Rebates Available for Solar and Battery System Installations Through Program to Support a Cleaner Grid

Rebates Available for Solar and Battery System Installations Through Program to Support a Cleaner Grid

Customers can back up their clean energy and help manage demand on the grid

Sunnyvale, Calif. 21 April 2021 – Silicon Valley Clean Energy (SVCE) has launched Lights On Silicon Valley, a local energy resilience program designed to support residents in pursuing backup electricity by providing a $1,250 rebate on solar and battery systems enrolled in the SVCE grid program. As a response to PG&E Public Safety Power Shutoffs, SVCE partnered with Sunrun, a leading home solar, battery storage and energy services provider, to offer this opportunity and increase local energy resilience.

With a solar and battery system, the backup battery takes over if the power goes out, sending power to breakers within seconds. Sunrun’s solar-powered Brightbox home battery system is designed to provide 8 to 12 hours of backup energy (and be resupplied daily by solar panels), though this fluctuates based on usage.

Once the Sunrun system is installed, customers will enroll the battery in Lights On Silicon Valley to join a local network of storage devices which will send extra power to the grid when overall demand is high. This will help reduce the need for natural gas peaker plants that come online to support the grid during high congestion days – lowering emissions statewide.

“We must decrease our reliance on polluting, fossil fuel power sources from our grid and improve energy resilience to reach our local and state clean energy goals,” said Mountain View Councilmember Margaret Abe-Koga, SVCE Board Chair. “Lights On Silicon Valley is one of the multiple initiatives SV Clean Energy is pursuing to assist communities in breaking down the barriers to transitioning to a clean, all-electric future.”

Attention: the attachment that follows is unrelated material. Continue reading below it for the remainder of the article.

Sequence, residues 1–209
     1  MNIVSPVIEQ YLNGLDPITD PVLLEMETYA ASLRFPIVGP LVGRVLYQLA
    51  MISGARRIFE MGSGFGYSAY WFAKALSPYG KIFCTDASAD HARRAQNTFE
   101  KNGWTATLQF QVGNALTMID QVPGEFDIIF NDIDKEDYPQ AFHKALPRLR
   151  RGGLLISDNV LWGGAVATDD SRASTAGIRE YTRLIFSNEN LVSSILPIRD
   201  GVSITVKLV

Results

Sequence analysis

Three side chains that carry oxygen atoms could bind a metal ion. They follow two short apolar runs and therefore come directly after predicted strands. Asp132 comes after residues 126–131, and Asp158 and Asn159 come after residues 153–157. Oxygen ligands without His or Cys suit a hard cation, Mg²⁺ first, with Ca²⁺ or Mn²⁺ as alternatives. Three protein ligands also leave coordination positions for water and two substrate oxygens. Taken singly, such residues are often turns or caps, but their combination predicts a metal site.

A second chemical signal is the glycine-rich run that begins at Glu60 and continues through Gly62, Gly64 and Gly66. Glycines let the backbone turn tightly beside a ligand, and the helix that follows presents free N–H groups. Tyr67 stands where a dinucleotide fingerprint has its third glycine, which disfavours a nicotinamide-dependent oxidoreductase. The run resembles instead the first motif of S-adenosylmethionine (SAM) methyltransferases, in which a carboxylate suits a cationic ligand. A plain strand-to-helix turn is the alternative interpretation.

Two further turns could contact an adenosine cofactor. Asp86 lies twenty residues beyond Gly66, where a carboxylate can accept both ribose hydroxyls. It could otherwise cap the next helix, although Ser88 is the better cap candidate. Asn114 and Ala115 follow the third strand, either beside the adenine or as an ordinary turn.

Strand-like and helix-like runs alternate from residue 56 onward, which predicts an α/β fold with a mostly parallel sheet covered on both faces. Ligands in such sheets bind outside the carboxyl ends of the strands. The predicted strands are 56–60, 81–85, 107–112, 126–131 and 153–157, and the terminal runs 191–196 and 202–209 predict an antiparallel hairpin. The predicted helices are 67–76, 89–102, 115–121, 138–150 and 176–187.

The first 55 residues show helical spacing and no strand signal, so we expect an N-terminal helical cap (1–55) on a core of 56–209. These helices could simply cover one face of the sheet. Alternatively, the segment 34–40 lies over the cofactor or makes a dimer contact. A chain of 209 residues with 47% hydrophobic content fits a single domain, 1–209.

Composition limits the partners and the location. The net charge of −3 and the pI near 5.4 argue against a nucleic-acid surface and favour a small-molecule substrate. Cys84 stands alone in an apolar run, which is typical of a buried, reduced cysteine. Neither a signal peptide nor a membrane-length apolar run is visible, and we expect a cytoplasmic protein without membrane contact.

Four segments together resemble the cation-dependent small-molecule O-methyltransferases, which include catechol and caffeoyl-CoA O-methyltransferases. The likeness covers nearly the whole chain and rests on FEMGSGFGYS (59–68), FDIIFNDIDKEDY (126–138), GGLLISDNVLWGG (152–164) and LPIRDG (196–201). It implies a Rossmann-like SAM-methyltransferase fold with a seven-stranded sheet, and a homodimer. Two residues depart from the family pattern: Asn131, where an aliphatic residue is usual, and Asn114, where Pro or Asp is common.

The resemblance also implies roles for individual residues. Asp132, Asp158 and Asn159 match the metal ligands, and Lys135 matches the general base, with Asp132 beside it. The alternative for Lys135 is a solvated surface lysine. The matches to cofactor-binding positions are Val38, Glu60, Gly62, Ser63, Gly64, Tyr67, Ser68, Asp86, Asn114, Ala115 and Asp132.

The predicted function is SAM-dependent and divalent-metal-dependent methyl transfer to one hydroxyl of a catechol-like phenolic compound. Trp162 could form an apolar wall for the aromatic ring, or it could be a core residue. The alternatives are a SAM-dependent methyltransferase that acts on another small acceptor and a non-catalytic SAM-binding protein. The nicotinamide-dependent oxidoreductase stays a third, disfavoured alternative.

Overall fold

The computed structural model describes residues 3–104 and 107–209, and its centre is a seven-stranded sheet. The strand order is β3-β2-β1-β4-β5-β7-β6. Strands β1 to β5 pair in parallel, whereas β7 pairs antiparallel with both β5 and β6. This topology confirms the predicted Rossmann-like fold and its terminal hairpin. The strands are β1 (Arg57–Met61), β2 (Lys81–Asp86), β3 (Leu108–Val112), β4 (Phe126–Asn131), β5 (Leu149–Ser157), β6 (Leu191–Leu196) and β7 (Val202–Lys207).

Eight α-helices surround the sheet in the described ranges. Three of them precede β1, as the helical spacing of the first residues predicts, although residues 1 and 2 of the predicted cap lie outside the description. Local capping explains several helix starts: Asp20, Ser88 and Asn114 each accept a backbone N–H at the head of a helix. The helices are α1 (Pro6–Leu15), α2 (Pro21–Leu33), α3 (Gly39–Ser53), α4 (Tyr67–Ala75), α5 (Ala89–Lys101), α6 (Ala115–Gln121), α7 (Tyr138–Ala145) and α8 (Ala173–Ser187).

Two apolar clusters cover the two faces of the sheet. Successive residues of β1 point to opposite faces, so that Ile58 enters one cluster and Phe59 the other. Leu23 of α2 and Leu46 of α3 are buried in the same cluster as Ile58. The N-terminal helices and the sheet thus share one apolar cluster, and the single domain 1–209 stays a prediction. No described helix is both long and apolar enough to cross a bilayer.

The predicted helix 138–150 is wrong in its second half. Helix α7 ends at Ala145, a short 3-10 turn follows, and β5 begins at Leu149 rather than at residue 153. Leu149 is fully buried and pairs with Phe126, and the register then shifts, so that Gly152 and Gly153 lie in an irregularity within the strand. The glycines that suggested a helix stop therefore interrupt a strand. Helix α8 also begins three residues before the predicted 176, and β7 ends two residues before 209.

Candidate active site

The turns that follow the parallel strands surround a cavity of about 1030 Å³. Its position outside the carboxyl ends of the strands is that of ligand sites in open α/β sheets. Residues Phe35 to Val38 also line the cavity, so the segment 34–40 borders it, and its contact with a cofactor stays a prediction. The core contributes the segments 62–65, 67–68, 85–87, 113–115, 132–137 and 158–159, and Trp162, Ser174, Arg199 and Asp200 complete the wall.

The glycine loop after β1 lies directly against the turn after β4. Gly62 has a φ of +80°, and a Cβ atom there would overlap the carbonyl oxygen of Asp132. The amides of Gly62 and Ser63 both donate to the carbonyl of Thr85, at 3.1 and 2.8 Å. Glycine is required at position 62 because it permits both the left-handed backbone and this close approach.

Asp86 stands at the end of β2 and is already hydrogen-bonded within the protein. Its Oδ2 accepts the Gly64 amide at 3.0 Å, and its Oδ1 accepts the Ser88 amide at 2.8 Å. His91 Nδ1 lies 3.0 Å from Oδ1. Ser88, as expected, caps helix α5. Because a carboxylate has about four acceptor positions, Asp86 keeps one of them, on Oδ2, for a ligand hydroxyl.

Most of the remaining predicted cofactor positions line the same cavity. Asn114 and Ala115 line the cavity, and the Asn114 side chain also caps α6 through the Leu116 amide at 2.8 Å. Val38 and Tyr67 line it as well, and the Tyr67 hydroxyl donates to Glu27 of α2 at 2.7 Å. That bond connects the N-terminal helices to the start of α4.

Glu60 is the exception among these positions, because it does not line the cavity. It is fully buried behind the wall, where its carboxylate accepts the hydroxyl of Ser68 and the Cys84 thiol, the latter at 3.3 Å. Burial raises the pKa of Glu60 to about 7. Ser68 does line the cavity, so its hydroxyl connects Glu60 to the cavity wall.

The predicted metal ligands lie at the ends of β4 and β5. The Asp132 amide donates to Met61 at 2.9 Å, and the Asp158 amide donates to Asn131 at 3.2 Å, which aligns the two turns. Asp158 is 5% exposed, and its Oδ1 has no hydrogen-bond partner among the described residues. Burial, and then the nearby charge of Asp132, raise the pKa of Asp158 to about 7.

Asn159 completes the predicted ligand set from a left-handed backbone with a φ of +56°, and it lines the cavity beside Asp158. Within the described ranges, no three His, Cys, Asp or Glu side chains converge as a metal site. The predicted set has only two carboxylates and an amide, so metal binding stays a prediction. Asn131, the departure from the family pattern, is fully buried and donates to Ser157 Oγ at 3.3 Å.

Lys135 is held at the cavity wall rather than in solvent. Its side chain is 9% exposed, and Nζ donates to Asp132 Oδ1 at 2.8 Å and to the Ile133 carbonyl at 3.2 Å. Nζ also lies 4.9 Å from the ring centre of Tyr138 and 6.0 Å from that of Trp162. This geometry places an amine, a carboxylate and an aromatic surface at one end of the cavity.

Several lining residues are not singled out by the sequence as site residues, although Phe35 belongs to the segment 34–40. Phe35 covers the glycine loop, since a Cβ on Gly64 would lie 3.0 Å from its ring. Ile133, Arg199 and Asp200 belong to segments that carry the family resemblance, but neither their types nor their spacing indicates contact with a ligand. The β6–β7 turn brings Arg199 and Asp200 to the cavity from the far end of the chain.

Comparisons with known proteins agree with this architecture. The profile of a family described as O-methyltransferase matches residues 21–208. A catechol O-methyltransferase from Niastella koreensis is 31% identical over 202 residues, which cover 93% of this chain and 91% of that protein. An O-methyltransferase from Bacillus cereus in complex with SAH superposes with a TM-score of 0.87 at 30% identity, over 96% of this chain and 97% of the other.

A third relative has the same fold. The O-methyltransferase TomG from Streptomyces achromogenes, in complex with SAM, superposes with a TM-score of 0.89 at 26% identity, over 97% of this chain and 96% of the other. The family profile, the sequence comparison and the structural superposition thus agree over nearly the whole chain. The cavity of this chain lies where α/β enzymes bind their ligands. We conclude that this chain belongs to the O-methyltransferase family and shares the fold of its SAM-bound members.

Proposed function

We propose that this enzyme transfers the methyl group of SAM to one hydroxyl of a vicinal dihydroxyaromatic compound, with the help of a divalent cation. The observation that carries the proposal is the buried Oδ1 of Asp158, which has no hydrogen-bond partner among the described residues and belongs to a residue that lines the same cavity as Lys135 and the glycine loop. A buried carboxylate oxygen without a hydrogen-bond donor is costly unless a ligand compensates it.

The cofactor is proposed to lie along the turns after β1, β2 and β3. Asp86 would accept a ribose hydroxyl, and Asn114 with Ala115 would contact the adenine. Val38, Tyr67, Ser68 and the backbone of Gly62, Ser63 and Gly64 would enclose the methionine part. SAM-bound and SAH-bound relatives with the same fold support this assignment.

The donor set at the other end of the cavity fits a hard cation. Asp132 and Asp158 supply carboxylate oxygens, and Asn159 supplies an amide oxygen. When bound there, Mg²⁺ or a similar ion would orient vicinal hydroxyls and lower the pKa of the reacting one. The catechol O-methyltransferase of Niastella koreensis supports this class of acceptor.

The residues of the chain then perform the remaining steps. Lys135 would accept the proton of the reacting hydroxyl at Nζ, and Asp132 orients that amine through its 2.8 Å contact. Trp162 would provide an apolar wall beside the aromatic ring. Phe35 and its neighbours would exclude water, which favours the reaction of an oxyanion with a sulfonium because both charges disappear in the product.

SVCE single-family customers who install solar and battery storage through Sunrun and participate in Lights On Silicon Valley are eligible for the $1,250 rebate. More information on how to apply can be found at

“Generating clean solar power on rooftops and storing it in batteries is helping to displace the need for fossil fuels and polluting peaker plants,” said Lynn Jurich, Sunrun’s Chief Executive Officer and co-founder. “We have a unique opportunity to help harden the grid with distributed resources and deliver much needed energy resilience to SVCE residents.”

At least 20% of the systems are guaranteed to be deployed at multi-family properties, with an aspiration to install 50% of the systems in support of multi-family residents. Sunrun will work directly with facility managers, primarily at affordable housing properties, to access available state incentives and install these larger systems.

The partnership with Sunrun is a result of the Request for Offers issued by SVCE and three other local energy providers in November 2019. The 10-year contract will provide a minimum peak capacity equivalent to installing systems for approximately 1,500 single-family homes or supporting 3,000-4,000 multi-family households. The actual number and type of installations will depend on a variety of factors.

SVCE has multiple programs supporting community resilience. In 2020, the SVCE Board of Directors designated $5 million to go towards community resilience in the form of planning and infrastructure development for local municipalities. SVCE recently announced four new pilot programs that focus on resilience at different levels of the community. For more information on upcoming resilience programs please visit

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About Silicon Valley Clean Energy
Silicon Valley Clean Energy is a not-for-profit, community-owned agency providing clean electricity from renewable and carbon-free sources to more than 270,000 residential and commercial customers in 13 Santa Clara County jurisdictions. As a public agency, net revenues are returned to the community to keep rates competitive and promote clean energy programs. Silicon Valley Clean Energy is advancing innovative solutions to fight climate change by decarbonizing the grid, transportation, and buildings. Learn more at

Pamela Leonard, Communications Manager
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